I know we have that rule, never say “no comment,” right? We know that as communicators, but there are times where it’s really difficult to craft a statement when you can’t say anything. Maybe it’s a personnel issue or it’s an ongoing investigation and you’re legally not allowed to say much. In those cases, what advice could you give colleges to craft some sort of statement so they’re not saying “no comment,” but they are still communicating with their news media and the community.
There is always something you can say, and that’s the beauty of having your messages in place and having your holding statements in place. Of course, you can’t talk about the specific nuances of an employee relations issue, but a thoughtful and strategic discussion as part of the team that includes the college president, that includes legal counsel, that includes perhaps the HR director or finance director, can lead to a statement, a message that doesn’t affect privacy or confidentiality, but can still give the public confidence that the college is approaching the issue in an effective and responsible way. We will often see things left at “no comment,” which, you know, as you and I both know, the moment somebody hears that, it implies guilt, it implies opaqueness, and the public increasingly will not stand for that, nor should they. So there’s always something that you can say. It’s the communicator’s role to set up a process to figure out what that is.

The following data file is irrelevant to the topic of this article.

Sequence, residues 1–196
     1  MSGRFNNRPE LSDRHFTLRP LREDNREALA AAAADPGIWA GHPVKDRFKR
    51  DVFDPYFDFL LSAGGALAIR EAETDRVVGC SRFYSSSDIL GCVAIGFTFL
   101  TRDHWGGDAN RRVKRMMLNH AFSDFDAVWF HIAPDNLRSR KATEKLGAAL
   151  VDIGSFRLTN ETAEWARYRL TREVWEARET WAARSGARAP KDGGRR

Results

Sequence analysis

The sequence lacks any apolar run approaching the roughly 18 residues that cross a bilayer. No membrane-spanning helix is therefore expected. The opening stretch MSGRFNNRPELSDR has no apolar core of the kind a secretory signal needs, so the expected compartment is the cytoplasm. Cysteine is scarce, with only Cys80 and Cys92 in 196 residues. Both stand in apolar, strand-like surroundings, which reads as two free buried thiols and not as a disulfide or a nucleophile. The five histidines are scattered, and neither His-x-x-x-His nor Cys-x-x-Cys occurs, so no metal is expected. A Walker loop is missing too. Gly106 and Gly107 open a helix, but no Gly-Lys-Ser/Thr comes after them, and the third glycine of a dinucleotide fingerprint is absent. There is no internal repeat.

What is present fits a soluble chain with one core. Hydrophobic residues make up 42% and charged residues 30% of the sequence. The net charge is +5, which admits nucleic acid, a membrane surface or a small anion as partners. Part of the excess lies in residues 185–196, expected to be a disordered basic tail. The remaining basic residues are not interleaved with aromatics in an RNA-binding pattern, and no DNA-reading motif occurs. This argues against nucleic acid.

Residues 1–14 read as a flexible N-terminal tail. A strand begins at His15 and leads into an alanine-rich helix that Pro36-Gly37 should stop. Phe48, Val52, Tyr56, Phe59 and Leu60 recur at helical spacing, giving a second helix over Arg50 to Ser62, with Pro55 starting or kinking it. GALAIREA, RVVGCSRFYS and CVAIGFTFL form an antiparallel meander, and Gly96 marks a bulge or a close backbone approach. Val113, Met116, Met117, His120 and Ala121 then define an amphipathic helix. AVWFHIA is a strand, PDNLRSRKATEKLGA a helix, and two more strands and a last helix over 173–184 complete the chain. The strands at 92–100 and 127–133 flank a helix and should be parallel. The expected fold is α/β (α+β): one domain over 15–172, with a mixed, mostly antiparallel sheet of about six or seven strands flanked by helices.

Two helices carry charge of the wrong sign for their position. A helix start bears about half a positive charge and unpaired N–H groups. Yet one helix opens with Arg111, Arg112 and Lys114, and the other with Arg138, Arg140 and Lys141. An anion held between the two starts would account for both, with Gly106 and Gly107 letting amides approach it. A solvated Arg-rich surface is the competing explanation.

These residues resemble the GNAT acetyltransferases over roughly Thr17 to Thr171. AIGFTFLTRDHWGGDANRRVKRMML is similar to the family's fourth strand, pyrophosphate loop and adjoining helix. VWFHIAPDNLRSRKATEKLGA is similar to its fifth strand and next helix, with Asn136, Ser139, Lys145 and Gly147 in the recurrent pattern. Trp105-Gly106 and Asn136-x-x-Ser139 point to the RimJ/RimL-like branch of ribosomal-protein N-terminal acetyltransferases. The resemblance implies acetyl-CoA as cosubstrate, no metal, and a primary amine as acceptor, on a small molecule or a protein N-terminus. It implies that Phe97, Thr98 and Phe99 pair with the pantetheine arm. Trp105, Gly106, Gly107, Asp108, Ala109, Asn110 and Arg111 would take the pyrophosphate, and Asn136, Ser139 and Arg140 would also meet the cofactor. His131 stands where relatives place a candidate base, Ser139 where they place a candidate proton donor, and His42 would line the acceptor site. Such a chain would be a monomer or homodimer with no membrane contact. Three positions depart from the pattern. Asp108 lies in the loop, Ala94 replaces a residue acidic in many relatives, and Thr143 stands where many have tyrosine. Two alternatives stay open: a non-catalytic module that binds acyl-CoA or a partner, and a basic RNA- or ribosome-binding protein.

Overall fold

And I really liked that you recommend that those type of statements be pre-crafted or at least thought through in your communication plan. You don’t just wait for a crisis to happen when you figure out what you possibly could say.
You can’t do it on the fly and you certainly can’t plan on the fly. You know, in today’s media world, if it’s a big issue, reporters will be on site and trying to connect with you immediately, and your staff and your own resources and time are going to be greatly reduced. So having all of these elements in place ahead of time will allow for a much more effective response.
And before we wrap up the discussion, I’ve seen you speak a number of times and you always do a fantastic job telling the audience, giving them examples of things that have gone really wrong or things that have gone really well. Can you share with us something that you’ve worked on that was handled well, that had a positive outcome?